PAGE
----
French painter; born in Limoges; died at Cagnes in the south of France. Renoir’s beginnings differed very little from those of the many who followed conventional art courses, except that he showed great facility and also some inclination to use color more freely than his teachers liked. None of his early drawings have been preserved; he may have destroyed them, just as he destroyed certain canvases as soon as he had liberated himself from the academic yoke.
He had no sooner left the Ecole des Beaux-Arts than he turned toward Courbet, whose forceful execution and strong contrasts, whose heavy volumes and simplified drawing, offered entirely new aspects. It was only after having worked for some time as a follower of Courbet, after having tested various modes of expression, that he discovered the subtle qualities of Delacroix. By then he had experience enough to realize that these qualities truly corresponded to his own sensibility. Delacroix thus became his master by preference, chosen not by chance but from the conviction of deep affinities.
What attracted Renoir in Delacroix’s art was above all his color, his technique and -inseparable from them — the fierce vibrations of his drawing. Nothing could have better prepared him for the new approach to nature upon which he engaged, together with his friend Monet, and which was to lead eventually to impressionism. The farther he advanced toward an instantaneous retention of sensations, the more he abandoned whatever influence the principles of the Ecole des Beaux-Arts might have had upon him, the less he was preoccupied with linear expression.
For the first time in the history of art, perhaps, Monet and his group insisted on a pursuit of impressions in so direct a way that preliminary sketches became unnecessary, in fact, would have appeared a negation of their efforts. More than Delacroix had ever done, the impressionists considered drawing dependent upon color and represented their perceptions in a dense tissue of color touches never divided by incisive strokes. There was no need for linear demarcation, since form could be suggested in its fullness through color modulation alone. Nature observed on the spot offered a minimum of lines, and even these appeared unstable, broken by reverberations of their surroundings, pulverized by ever changing plays of light.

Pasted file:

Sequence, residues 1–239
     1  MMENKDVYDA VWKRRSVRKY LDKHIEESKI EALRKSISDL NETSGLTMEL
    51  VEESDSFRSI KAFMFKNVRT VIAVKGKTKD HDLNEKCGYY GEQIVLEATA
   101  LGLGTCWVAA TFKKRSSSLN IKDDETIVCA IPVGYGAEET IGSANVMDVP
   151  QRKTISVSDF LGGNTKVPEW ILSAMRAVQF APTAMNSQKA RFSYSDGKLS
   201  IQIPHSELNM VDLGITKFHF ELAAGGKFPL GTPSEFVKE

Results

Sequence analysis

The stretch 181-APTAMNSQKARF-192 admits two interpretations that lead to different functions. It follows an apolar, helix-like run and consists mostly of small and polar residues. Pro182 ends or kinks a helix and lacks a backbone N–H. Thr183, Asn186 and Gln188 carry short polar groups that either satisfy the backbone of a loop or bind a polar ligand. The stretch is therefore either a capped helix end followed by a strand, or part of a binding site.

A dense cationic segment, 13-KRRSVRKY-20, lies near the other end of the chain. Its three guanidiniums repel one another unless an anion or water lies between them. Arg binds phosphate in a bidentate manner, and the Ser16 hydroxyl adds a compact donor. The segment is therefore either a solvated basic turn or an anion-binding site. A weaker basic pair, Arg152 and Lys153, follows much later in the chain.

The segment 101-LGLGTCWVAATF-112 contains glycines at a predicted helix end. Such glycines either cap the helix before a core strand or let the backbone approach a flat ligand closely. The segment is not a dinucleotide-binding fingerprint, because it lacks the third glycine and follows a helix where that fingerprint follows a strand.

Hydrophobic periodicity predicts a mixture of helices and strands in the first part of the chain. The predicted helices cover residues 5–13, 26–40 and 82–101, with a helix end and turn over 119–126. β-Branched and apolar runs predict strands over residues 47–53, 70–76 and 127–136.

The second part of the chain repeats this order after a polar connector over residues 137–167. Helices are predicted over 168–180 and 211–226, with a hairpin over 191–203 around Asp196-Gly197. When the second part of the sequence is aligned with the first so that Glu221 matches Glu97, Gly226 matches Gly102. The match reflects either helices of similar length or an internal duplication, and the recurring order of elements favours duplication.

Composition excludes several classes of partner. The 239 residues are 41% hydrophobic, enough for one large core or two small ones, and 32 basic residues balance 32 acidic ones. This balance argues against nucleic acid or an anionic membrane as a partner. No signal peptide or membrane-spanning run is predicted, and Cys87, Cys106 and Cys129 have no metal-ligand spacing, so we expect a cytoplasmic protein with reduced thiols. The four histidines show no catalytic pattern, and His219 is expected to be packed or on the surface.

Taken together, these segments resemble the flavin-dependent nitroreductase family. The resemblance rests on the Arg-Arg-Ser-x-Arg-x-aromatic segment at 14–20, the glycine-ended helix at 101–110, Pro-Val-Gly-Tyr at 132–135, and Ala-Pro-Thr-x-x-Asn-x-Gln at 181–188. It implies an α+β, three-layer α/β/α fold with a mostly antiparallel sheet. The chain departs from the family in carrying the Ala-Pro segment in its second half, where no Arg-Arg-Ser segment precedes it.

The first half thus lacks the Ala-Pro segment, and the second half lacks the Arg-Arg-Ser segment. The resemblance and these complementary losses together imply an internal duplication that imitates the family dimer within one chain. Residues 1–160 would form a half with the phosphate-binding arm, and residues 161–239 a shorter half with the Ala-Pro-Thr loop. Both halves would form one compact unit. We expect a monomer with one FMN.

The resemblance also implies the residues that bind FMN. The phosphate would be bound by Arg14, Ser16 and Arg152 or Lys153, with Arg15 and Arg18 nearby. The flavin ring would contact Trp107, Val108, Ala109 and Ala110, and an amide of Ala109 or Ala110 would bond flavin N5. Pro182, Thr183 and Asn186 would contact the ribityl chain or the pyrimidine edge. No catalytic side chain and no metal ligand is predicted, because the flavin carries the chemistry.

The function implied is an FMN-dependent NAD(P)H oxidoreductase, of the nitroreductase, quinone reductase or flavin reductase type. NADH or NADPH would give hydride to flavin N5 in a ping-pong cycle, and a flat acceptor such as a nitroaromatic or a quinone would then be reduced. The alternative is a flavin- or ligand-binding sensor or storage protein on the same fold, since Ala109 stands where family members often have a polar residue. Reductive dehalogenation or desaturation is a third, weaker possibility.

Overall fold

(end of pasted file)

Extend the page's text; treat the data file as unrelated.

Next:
Baudelaire had already stated that nature did not offer immutable contours. “A good drawing,” he had written, “is not a hard, cruel, despotic, motionless line enclosing a form like a straitjacket. Drawing should be like nature, living and restless. Simplification in drawing is a monstrosity; nature shows us an endless series of curved, fleeting, broken lines, according to an unerring law of generation, in which parallels are always undefined and meandering, and concaves and convexes correspond to and pursue each other.”
The impressionists went further: they denied that lines existed in nature. They refused to see a contour where an object presented its profile; they were preoccupied with the appearance of its form under specific conditions. They declined to isolate it from its surroundings; they professed no interest in it, except as part of a whole, as a receptacle of iridescence. They perceived colored masses and studied their interactions; they ignored the limits of forms and planes, since light ignores them and weaves them together.